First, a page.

Mechanotransduction in gastrointestinal smooth muscle cells: Role of mechanosensitive ion channels

Vikram Joshi, Peter R. Strege, Gianrico Farrugia, Arthur Beyder

Research output: Contribution to journalReview articlepeer-review


Mechanosensation, the ability to properly sense mechanical stimuli and transduce them into physiologic responses, is an essential determinant of gastrointestinal (GI) function. Abnormalities in this process result in highly prevalent GI functional and motility disorders. In the GI tract, several cell types sense mechanical forces and transduce them into electrical signals, which elicit specific cellular responses. Some mechanosensitive cells like sensory neurons act as specialized mechanosensitive cells that detect forces and transduce signals into tissue-level physiological reactions. Nonspecialized mechanosensitive cells like smooth muscle cells (SMCs) adjust their function in response to forces. Mechanosensitive cells use various mechanoreceptors and mechanotransducers. Mechanoreceptors detect and convert force into electrical and biochemical signals, and mechanotransducers amplify and direct mechanoreceptor responses. Mechanoreceptors and mechanotransducers include ion channels, specialized cytoskeletal proteins, cell junction molecules, and G protein-coupled receptors. SMCs are particularly important due to their role as final effectors for motor function. Myogenic reflex-the ability of smooth muscle to contract in response to stretch rapidly-is a critical smooth muscle function. Such rapid mechanotransduction responses rely on mechano-gated and mechanosensitive ion channels, which alter their ion pores' opening in response to force, allowing fast electrical and Ca2 þ responses. Although GI SMCs express a variety of such ion channels, their identities remain unknown. Recent advancements in electrophysiological, genetic, in vivo imaging, and multi-omic technologies broaden our understanding of how SMC mechano-gated and mechanosensitive ion channels regulate GI functions. This review discusses GI SMC mechanosensitivity's current developments with a particular emphasis on mechano-gated and mechanosensitive ion channels.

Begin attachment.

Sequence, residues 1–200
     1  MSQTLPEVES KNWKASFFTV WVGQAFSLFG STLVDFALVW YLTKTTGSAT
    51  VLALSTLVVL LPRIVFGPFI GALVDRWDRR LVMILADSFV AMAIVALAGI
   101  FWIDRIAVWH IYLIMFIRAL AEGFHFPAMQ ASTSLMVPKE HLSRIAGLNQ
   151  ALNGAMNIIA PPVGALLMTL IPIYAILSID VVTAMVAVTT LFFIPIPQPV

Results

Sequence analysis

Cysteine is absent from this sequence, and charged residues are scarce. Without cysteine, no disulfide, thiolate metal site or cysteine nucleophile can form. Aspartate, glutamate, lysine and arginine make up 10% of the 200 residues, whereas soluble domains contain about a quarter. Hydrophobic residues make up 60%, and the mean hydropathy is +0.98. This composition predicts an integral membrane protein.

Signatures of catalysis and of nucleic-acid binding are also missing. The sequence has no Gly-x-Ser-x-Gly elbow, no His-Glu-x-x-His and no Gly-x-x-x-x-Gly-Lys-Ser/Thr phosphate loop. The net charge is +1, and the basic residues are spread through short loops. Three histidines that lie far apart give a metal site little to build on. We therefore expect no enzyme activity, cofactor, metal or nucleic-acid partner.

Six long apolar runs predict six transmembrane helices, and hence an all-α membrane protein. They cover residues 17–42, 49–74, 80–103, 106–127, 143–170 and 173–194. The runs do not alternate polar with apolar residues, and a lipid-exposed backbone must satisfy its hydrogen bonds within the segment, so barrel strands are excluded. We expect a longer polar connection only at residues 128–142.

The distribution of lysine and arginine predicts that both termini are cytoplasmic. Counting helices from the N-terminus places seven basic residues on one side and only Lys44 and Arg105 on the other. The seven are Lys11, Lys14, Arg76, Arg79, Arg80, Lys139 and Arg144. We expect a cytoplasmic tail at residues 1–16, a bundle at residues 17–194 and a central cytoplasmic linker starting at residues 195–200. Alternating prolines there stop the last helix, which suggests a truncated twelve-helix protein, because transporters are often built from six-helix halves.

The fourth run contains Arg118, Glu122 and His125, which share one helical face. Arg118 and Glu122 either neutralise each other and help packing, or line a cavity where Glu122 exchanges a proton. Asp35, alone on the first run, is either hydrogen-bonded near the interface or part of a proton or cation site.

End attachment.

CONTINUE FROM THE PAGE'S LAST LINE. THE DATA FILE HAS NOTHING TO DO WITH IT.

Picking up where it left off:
Original languageEnglish (US)
Pages (from-to)G897-G906
JournalAmerican Journal of Physiology - Gastrointestinal and Liver Physiology
Issue number5
StatePublished - May 2021


  • Calcium signaling
  • Gastrointestinal motility
  • Mechano-gated ion channels
  • Mechanosensation
  • Myogenic response

ASJC Scopus subject areas

  • Physiology
  • Hepatology
  • Gastroenterology
  • Physiology (medical)


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